They tout their independence and take care of themselves, but when it comes to old fashioned perks, like who picks up the check, you’d think it was 1955.
Unless you’re psychic or only date people who agree with you on subjects that often destroy relationships, such as sex and money, you’ve probably found dating in Los Angeles to be particularly complicated.
If you’re like me, someone on a spiritual journey, you’ve most likely learned that — as opposed to the usual craving and aversion that result in suffering — the remedy for most of what ails us is authenticity. But when dating, unless both parties agree in advance to drop assumptions, expectations, facades and roles, it can be a recipe for disaster – especially L.A.
Let me provide an example that will demonstrate what happens when things go awry. This is not a tale of right and wrong. This is a tale of incongruent expectations and insufficient communication. If there is anyone to blame I take 100 percent of the responsibility.
I met a woman on a dating site who I thought was awesome. Within 30 minutes of sitting down for a casual coffee (to which we both showed up early — a good sign in my book), she revealed her prior extensive drug addiction (while managing to graduate with honors from a prestigious university — huge bonus points for delving into her shadow side at a young age and coming out relatively unscathed) and we bonded over our love of music and our experiences in the music business. I think that both of us were excited for a more formal rendezvous so I proposed we have dinner a few nights later.
Again, both of us showed up early and the conversation didn’t lag for one second. It felt as if we could talk forever about our non-conventional lives, our mutual interests, our similar travels and our careers.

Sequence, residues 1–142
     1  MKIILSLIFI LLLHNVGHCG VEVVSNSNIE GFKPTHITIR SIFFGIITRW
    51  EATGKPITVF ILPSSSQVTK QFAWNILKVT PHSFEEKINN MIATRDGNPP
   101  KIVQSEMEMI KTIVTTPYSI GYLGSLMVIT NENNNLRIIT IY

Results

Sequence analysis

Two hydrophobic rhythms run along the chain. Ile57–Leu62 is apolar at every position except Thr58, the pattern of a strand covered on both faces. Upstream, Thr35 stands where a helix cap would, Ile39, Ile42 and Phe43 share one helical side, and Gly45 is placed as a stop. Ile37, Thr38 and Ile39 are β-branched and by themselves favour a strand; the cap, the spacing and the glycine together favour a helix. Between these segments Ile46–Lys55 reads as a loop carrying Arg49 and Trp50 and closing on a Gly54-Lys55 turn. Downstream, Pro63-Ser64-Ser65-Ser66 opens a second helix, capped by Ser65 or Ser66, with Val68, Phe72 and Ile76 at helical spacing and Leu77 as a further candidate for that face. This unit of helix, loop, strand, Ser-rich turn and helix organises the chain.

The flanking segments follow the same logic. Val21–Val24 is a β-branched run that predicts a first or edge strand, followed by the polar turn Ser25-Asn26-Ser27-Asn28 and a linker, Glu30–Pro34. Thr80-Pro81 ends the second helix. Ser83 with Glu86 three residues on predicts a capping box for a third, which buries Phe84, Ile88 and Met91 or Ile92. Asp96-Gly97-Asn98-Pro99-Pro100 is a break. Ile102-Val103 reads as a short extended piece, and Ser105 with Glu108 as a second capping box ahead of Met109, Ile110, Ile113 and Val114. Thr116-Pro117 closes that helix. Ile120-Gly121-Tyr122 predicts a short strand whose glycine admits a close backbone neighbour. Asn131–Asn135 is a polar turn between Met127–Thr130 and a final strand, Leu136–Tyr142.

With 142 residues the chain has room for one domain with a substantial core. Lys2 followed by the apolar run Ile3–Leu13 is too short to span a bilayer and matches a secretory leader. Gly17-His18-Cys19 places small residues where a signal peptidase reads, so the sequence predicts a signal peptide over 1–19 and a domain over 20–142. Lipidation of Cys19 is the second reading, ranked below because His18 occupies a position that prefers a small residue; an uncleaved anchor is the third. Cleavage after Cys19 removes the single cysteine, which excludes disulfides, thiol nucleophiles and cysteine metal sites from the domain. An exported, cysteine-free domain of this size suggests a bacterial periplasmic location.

The check came and being the male part of the equation, I reached for it, but not too quickly. It sat between us for a minute before I slid it slowly towards me and put a card down. My new friend, who is definitely in favor of women’s liberation, women’s equality, women getting paid the same amount as men, etc. did not motion her hands towards her purse nor did she say, “I’ll get the next one.”
Again, this is not a tale of right and wrong; this is a tale of incompatible expectations, insufficient communications, and maybe a tinge of hypocrisy of which we are all guilty.
If men and women are equal then we have equal rights and responsibilities, correct? This implies disregarding our culture’s underlying myths of knights in shining armor coming to save damsels in distress and other chivalrous malarkey that feminists labored so hard to eliminate.
We continued to chat for another twenty minutes and then went our separate ways.
The next morning I texted to thank her for another vivacious conversation and invite her for a walk on the beach that weekend. She texted back that she was leaving for three weeks and we could get together when she returned. I wished her a pleasant trip.
Here are the subliminal messages that I received from the aforementioned snippets:
- Not reaching for her purse or offering to get the next one said, “I expect to be taken care of.”
- Texting that I should leave her alone for three weeks said, “I’m fiercely independent, I don’t need you, I’m my own woman.”
OK, so you’re your own woman but you expect men to buy you dinner? Sounds like a mixed message to me.
On Planet Ira — because men and women are equals — we both reach for our wallets. One of us says, “I’ll get this one,” and the other one says, “That’s very kind of you. Thank you very much. I’ll get the next one.”
But isn’t this a problem inherent in the system? Don’t we all want to be loved unconditionally and only have tools and symbols to convey love conditionally because we’re successful, smart, sexy, rich, pretty, articulate, independent, etc.? It seems the conventions of courtship make us all hypocrites in some ways.
The only solution is to communicate clearly and honestly so that expectations don’t wreak havoc on our lives. On the other hand, authenticity can often be unromantic, even un-erotic, particularly for men who are taught to create invulnerable facades and not display vulnerability.
Navigating subjects such as sex and money — particularly when trying to start a new relationship — is usually awkward and painful, but it appears to be the only solution for those seeking true, enduring intimacy.
Copyright © Ira Israel/2014 Singular Communications, LLC.